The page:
- To develop knowledge and understanding of Urdu.
- To be able to use and apply the skills to a variety of contexts.
Key Stage 4
This four-unit specification requires students to develop their ability to write and speak in Urdu and to understand Urdu when it is written down or spoken. The GCSE course is spread over two years in year 9 and 10 the units covered are School and education, Numbers, Islamic months, Ramadan, Eid, Hobbies and Interests, Self Identification, Home and Environment, Holidays, Health, Shopping, Professions and Jobs, Travel and transport and Leisure.
Assessment and Reporting
Key stage 4
At key stage 4 pupils follow the AQA GCSE specification. Students complete two writing controlled assessment which accounts for 30% of the overall grade and two speaking control assessment which also accounts for 30% of the overall grade. The remaining 40% is assessed at the end of the course in the reading and listening exams. Pupil progress is reported to parents in the form of short progress reports and annual long progress reports.
Students are regularly given new vocabulary to learn on a weekly basis. Reading and writing tasks are set every fortnight of which some are set in an Islamic context. Some tasks are ICT based encouraging pupils to learn and develop new skills in using different software. The aim of home learning tasks is to enable pupils to become independent enquirers as well as self managers.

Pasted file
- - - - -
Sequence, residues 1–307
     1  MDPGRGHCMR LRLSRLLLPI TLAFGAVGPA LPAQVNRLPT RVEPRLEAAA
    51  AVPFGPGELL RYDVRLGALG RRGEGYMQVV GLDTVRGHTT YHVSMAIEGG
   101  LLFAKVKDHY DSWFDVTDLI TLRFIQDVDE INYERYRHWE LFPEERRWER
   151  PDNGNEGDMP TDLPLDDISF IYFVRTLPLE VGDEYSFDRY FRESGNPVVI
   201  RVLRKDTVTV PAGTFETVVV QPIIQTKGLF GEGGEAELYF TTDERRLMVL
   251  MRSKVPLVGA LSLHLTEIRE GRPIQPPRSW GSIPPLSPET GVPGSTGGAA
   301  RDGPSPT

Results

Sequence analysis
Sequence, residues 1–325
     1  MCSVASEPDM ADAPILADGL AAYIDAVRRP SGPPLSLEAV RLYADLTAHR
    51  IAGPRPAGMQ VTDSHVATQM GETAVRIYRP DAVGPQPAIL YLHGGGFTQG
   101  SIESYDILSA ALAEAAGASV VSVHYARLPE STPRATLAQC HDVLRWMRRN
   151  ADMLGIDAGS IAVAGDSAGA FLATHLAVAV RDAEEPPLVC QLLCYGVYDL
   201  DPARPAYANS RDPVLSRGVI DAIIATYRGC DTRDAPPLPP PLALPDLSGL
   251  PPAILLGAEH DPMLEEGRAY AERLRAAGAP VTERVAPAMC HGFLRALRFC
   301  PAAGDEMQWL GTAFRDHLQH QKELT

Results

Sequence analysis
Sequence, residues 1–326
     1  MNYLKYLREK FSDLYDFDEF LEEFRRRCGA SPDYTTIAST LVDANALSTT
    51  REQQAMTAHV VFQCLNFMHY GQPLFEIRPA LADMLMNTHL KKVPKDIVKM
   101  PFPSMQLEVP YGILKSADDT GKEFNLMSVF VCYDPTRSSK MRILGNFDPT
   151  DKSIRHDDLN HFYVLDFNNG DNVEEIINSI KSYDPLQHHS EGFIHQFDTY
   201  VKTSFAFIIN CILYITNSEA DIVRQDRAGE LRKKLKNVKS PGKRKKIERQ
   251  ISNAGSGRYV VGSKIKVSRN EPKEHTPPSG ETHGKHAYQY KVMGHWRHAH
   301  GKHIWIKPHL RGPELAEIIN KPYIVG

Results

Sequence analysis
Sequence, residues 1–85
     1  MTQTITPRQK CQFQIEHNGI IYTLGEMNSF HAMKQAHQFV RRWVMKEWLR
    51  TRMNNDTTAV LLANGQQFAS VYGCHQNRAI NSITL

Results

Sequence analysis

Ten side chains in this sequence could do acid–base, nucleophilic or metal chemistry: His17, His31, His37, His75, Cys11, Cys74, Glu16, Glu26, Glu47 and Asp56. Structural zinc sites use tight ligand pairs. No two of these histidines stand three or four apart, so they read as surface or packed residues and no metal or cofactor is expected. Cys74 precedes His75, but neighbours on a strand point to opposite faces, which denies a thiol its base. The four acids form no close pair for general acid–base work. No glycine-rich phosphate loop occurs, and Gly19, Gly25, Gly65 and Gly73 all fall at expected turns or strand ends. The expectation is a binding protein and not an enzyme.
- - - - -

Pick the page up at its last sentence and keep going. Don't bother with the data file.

GCSE Computer Science
Computing is of enormous importance to the economy, and the role of the Computer Science as a discipline itself and as an ‘underpinning’ subject across science and engineering is growing rapidly. Computer technology continues to advance rapidly and the way that technology is consumed has also been changing at the fast pace over recent years. The growth in the use of mobile devices and web – related technology has exploded resulting in new challenges for employers and employees. For example, business today require and ever – increasing number of technologically – aware individuals. This is even more so in gaming, mobile and web related industries.